A NURSE told a vulnerable patient suffering from dementia she would nail her hand to the floor” if she pressed her buzzer again, a misconduct hearing heard.
Sally Miller allegedly pushed, grabbed and swore at patients in her care, telling one vulnerable resident: “I’m sick of you” adding: “If you keep complaining, I will sort you out.”
She also confided in a colleague she wanted to put a pillow over one elderly patient’s head, adding “that’s the way they make me feel sometimes.”
The nurse, who began working at the Rossendale Nursing Home in Ansdell, which cares for patients with Dementia, in 2007, faces a misconduct hearing at the Nursing and Midwifery Council (NMC).
Ms Miller, who is in her late 40s and resigned after the allegations were made, did not attend the central London hearing.
The hearing was told she was “not well”.
Ms Miller faces being struck off from the profession if it is found her fitness to practice is impaired.
Kristian Garsed, representing the NMC, told the hearing: “She has herself decided her nursing career is over and has decided not to actively participate in the proceedings.”
Concerns were first raised about the nurse’s allegedly abusive behaviour towards elderly residents in April 2010, two and half years after she began working at the home.
Staff claimed Ms Miller, was almost “Godlike” in front of management, but was “verbally abusive, threatening and aggressive” towards residents and colleagues.
Nurse Mohammed Shahid told his managers how Ms Miller forced a patient, known as ‘Resident A’ to drink tap water instead of orange juice, before telling her “if you touch this buzzer again, I am going to nail your hand to the floor.”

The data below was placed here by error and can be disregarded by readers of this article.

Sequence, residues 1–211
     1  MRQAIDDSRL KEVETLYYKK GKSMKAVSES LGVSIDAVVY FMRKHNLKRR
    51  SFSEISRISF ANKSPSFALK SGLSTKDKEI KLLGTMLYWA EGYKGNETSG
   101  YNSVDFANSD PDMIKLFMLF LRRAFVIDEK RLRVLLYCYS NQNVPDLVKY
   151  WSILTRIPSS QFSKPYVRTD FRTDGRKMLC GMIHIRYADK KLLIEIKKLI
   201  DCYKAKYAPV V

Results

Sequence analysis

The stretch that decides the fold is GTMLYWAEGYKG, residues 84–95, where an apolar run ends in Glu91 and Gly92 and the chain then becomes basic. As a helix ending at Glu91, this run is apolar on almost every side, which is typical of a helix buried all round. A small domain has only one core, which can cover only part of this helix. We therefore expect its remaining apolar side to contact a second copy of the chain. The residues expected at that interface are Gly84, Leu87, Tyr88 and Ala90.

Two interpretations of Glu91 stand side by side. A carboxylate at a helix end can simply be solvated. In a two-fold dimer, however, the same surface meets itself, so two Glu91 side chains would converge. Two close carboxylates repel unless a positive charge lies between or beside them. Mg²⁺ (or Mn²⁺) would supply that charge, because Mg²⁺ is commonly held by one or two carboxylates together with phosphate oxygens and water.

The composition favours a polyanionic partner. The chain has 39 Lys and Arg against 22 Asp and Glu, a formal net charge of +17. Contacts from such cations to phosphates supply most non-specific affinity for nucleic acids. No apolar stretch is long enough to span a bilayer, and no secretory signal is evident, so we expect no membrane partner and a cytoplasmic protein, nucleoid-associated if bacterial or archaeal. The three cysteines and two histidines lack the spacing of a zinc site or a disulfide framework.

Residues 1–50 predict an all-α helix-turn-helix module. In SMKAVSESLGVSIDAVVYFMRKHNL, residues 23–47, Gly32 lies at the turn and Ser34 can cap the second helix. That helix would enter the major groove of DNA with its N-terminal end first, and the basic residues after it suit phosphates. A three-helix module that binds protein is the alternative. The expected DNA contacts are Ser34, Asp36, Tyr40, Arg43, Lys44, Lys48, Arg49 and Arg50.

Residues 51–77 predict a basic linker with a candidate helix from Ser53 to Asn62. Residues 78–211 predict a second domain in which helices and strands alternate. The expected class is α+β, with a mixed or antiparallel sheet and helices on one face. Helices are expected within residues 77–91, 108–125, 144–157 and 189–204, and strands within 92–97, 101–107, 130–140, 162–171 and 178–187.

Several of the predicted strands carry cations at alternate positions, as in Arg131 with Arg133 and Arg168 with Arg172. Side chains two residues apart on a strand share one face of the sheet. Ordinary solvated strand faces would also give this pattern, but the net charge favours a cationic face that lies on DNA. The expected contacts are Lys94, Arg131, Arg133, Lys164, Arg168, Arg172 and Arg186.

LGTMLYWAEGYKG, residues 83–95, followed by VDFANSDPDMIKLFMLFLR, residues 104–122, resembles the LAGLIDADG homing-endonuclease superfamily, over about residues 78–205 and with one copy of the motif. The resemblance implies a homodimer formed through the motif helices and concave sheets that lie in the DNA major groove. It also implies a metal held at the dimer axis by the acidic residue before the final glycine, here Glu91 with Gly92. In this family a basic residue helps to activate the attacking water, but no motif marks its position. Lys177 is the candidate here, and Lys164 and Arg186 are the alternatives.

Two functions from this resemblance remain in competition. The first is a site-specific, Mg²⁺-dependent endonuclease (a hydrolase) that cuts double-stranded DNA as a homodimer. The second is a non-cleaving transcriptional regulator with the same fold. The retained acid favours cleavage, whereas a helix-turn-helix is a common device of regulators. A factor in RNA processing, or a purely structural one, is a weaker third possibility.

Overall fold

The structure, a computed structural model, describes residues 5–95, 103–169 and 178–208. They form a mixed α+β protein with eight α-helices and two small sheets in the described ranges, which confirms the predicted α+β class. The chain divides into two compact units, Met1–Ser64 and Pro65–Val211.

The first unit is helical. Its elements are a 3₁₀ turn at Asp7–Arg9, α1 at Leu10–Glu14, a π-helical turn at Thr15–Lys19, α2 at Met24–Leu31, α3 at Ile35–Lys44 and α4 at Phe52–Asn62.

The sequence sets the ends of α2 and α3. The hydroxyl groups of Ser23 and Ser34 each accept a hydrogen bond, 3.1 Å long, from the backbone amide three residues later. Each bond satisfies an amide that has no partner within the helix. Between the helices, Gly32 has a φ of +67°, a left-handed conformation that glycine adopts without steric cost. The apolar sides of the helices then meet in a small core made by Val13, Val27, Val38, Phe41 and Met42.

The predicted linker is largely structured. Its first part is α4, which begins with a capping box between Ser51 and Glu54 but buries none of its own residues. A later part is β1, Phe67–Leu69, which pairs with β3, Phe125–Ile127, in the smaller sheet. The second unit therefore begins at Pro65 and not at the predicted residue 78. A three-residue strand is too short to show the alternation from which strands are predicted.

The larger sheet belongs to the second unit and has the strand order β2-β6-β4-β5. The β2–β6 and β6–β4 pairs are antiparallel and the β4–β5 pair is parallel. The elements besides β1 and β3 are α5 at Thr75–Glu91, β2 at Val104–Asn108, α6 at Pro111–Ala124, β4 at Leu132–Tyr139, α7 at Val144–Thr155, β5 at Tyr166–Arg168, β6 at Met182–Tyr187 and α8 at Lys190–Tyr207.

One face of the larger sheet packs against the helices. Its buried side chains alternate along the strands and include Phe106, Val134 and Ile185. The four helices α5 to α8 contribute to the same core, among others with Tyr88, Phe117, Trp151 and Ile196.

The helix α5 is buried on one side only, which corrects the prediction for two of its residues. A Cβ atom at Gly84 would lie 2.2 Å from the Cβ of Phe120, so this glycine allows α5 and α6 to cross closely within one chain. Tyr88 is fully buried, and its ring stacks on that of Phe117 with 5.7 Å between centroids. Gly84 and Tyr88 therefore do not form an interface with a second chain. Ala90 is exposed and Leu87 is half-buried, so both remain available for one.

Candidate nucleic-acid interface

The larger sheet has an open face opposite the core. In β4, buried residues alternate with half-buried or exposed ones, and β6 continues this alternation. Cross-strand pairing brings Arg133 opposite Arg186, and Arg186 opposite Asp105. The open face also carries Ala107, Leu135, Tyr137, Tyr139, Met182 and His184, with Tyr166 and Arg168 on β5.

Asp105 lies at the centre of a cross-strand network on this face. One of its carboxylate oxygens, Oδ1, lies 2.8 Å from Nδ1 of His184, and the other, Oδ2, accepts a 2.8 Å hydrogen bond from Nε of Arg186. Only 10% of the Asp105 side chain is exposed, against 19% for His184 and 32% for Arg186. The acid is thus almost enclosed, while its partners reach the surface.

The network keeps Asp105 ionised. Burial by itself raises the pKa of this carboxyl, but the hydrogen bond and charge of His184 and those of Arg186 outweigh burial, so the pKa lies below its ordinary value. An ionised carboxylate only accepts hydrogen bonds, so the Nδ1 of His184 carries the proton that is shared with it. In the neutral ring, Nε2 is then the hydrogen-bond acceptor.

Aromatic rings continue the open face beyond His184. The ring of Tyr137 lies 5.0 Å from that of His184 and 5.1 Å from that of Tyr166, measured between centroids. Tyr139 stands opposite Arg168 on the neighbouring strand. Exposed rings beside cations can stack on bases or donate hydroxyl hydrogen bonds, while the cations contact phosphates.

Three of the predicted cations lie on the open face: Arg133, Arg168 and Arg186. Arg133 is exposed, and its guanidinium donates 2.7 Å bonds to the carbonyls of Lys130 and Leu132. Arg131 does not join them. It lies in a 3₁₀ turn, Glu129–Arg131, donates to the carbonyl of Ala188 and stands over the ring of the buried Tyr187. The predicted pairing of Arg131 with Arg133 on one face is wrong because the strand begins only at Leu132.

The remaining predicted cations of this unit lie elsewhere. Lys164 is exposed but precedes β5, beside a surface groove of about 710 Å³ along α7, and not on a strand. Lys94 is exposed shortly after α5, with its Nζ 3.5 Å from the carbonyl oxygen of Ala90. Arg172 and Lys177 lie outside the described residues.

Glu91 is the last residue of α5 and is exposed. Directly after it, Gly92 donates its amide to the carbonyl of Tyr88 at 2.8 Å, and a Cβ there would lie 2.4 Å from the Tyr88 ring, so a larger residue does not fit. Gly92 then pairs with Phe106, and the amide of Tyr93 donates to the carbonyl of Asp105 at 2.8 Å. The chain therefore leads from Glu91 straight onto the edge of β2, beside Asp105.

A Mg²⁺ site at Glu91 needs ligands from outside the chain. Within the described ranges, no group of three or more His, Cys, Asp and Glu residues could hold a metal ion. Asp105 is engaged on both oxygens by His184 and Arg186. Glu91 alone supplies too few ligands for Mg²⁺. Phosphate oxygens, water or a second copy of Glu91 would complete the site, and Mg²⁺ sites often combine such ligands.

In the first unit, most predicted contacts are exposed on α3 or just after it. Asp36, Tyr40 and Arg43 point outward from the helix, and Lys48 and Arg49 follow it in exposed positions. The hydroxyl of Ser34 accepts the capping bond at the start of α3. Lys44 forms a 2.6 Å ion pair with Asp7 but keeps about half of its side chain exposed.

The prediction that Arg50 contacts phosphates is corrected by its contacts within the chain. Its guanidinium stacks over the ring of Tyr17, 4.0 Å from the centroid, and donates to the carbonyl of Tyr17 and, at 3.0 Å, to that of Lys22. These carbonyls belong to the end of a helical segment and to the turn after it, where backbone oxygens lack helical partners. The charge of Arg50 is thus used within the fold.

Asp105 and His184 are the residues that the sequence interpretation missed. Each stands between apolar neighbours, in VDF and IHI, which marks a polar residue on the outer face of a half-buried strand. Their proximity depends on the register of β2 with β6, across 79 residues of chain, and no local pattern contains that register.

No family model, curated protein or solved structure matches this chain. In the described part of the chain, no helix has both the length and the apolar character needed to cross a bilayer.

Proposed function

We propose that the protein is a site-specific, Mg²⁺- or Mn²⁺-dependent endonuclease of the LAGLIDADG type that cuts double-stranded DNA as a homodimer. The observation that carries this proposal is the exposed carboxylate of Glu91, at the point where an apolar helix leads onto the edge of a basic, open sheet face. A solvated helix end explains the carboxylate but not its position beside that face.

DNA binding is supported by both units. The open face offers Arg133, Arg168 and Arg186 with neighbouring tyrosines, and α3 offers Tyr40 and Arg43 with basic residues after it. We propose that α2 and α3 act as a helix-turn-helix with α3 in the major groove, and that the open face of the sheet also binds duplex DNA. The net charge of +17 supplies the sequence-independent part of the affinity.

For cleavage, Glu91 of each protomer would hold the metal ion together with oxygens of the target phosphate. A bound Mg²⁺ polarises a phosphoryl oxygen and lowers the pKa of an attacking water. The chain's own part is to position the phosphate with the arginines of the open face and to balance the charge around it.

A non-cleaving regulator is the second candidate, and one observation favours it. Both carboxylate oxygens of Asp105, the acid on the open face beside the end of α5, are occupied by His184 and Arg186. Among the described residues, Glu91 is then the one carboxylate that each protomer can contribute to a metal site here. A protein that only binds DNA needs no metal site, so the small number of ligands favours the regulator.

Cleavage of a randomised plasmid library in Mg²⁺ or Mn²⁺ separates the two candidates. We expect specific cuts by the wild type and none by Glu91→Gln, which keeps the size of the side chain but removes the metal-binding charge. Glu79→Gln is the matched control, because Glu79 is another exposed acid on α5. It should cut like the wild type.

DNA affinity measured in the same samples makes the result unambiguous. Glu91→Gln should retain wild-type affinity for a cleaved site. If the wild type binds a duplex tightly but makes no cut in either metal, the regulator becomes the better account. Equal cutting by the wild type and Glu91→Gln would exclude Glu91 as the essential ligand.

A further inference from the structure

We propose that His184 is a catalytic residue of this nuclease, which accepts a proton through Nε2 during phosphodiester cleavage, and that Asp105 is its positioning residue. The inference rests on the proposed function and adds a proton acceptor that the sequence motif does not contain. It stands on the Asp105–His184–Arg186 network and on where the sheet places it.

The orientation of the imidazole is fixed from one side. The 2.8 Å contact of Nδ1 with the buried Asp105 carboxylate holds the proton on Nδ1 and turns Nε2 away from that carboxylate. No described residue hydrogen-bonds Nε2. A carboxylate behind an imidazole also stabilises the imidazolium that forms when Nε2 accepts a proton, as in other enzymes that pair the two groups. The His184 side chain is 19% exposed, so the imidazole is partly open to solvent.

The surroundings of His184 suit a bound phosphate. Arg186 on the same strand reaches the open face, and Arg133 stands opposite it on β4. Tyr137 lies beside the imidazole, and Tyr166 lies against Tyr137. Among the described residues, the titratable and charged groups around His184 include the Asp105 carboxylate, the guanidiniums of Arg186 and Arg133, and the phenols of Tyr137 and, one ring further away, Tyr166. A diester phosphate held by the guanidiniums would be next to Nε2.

Ms Miller denies the allegation.
Mr Shahid also told how on another occasion, Ms Miller pushed ‘Resident B’, saying: “I am sick of you and I don’t want to hear your moaning, and if you keep coming and complaining, I will sort you out.”
In a letter to the NMC, Ms Miller admitted abusing ‘Resident B’, adding: “I’m truly sorry for my outburst. I was inappropriate towards this resident by shouting at her.”
Jayne Bamber, another colleague, revealed how Ms Miller later grabbed ‘Resident C’, pushed her into a chair and shouted at her.
Ms Miller denies this.
The hearing also heard that Nurse Suzanne Whatmough became so concerned about a telephone conversation she had with Ms Miller, in which she talked about putting a pillow over a female patient’s head.
During the conversation, Ms Whatmough said “you can’t say things like that,” to which the Ms Miller replied: “No, I’m serious,” adding “that’s how they make me feel sometimes” in reference to the patient’s family.
Ms Miller later admitted the comment, saying she was “unable to cope with her duties” at the time and had “no one to turn to for help.”
Mr Garsed told the hearing: “Members of staff raised allegations.
“Immediately upon being informed of her suspension the registrant provided her written notice of resignation.”
The hearing continues.